A Gainesville woman has made it her mission to combat anti-atheist stigmas – one waffle at a time.
According to a Pew Research Center study, the American public looks as negatively on atheists as it does on Muslims.
On a scale from zero to 100, with zero being the worst rating of religious groups and 100 the best, atheism received an average rating of 41, while Muslims received an average rating of 40, according to the study.
Gainesville atheist Brunch, a gathering where atheists can talk openly and socialize in an outdoors setting, is spearheaded by creator Adrienne Fagan, a research coordinator at the University of Florida.
Those who attend the gathering can bring food and games. The purpose of the Gainesville atheist Brunch’s first meeting, scheduled for Feb. 1 at Thomas Center Gardens, is to introduce atheists to each other in a space they can meet and create a community.
“We don’t necessarily congregate or have that built-in community that religious people do,” Fagan said. “But this gives atheists a chance to have that community.”
Only two weeks old, Gainesville atheist Brunch aims to foster a sense of friendship and openness among local atheists, Fagan said.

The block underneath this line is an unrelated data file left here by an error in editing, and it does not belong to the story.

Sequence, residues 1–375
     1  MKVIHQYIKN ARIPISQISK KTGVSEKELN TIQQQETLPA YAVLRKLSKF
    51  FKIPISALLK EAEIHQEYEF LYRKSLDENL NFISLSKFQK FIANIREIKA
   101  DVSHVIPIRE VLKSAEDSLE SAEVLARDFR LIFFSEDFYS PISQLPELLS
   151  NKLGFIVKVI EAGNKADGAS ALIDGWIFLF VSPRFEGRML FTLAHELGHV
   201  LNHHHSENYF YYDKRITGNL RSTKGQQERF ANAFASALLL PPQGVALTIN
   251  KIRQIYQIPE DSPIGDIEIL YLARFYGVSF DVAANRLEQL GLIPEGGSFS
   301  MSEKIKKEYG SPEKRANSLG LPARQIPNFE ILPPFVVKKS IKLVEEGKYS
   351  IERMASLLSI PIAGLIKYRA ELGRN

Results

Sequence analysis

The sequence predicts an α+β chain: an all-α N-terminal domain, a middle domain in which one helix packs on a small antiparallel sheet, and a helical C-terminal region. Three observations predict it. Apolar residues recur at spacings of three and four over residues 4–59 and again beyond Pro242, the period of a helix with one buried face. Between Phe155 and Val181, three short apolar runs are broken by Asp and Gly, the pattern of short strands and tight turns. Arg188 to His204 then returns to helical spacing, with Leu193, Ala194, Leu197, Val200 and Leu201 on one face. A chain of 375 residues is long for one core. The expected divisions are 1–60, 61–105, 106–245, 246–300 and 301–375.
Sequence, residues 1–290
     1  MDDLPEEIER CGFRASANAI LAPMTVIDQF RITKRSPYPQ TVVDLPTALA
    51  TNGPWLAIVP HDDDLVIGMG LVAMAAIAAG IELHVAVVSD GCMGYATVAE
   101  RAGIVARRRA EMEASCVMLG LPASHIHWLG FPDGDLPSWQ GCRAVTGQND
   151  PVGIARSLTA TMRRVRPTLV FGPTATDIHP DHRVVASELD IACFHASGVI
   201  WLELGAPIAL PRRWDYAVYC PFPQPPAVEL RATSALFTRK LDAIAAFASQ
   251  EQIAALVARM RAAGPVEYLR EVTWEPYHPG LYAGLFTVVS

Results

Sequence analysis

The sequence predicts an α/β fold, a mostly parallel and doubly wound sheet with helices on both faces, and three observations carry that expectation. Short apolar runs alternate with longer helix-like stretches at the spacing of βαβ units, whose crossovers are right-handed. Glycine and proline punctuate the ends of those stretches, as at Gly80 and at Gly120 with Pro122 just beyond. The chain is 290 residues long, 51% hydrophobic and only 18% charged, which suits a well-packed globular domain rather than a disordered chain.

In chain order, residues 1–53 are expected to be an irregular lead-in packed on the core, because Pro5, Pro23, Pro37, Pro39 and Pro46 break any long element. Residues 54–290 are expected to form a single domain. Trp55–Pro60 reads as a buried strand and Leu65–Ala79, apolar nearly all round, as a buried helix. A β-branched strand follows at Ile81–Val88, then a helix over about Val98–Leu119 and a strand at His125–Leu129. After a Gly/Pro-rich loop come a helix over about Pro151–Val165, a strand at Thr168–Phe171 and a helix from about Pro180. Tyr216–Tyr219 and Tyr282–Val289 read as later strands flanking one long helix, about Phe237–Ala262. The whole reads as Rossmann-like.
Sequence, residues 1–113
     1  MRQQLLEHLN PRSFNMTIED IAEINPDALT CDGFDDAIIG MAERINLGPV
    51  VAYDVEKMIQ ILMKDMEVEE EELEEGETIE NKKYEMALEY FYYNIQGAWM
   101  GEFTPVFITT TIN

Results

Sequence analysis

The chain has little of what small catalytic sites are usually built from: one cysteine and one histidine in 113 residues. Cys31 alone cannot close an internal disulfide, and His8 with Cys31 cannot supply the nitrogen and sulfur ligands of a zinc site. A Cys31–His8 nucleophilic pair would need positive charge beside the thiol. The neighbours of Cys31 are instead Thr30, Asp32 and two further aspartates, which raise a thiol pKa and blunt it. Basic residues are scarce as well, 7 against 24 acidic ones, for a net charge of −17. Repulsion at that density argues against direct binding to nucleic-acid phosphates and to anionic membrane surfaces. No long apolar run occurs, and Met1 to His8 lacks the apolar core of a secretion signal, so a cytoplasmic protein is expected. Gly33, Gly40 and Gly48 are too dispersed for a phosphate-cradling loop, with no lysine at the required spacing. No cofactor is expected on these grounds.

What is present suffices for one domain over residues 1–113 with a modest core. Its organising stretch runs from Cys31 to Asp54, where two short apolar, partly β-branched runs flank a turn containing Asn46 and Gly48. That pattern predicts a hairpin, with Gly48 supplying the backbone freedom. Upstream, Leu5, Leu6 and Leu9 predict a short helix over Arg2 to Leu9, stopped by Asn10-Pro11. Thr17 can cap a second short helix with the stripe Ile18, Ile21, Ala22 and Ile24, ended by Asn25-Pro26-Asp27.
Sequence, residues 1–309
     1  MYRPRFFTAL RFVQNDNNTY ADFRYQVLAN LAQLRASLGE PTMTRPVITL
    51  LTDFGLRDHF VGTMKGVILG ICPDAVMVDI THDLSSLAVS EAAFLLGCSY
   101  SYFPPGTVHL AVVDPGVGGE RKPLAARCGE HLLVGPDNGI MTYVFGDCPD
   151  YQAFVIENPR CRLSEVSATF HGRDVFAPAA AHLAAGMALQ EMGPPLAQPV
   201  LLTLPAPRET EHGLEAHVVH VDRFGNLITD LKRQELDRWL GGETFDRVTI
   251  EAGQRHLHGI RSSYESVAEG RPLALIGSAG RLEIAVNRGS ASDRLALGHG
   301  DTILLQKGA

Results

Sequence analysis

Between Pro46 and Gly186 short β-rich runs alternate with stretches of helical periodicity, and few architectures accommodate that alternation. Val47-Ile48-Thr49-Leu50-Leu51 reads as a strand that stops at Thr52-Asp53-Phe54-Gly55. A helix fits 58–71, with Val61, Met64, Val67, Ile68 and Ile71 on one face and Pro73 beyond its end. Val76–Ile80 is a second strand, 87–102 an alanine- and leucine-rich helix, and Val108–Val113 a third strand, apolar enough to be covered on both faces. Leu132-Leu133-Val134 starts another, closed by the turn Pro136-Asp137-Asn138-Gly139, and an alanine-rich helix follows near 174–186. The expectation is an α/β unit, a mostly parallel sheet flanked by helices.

“The word atheist can be vilified,” Fagan said. “This is a non-dogmatic space people can get together and feel less isolated.”
The isolation atheists feel can be paralleled to the isolation of those in the LGBT community, according to Melanie Brewster, Fagan’s friend and an associate professor in psychology at Columbia University.
“There is a similar stigma in the marginalization of these groups,” Brewster said, who wrote a book in 2014 entitled “Atheist in America,” further exploring the parallels she found.
“People in the South and Midwest especially might feel it more because there are people who are much more religious,” she said.
In the eight years Brewster lived in Gainesville while pursuing her undergraduate and graduate degrees at the University of Florida, she said there was never a space like the one Fagan is creating.
Gary S. Edinger, a Gainesville attorney who specializes in First Amendment law, said he thinks since Gainesville is generally socially progressive, people gathering for the brunch shouldn’t run into criticism from local residents. However, other parts of North Central Florida might differ.
According to Fagan, she first wants to gauge how local atheists are feeling and what they want to talk about. She hopes to explore the idea of diving into a more guided discussion on atheism at future meetings.
For now, Fagan said she is hopeful for its future and simply wants to enjoy brunch with fellow atheists.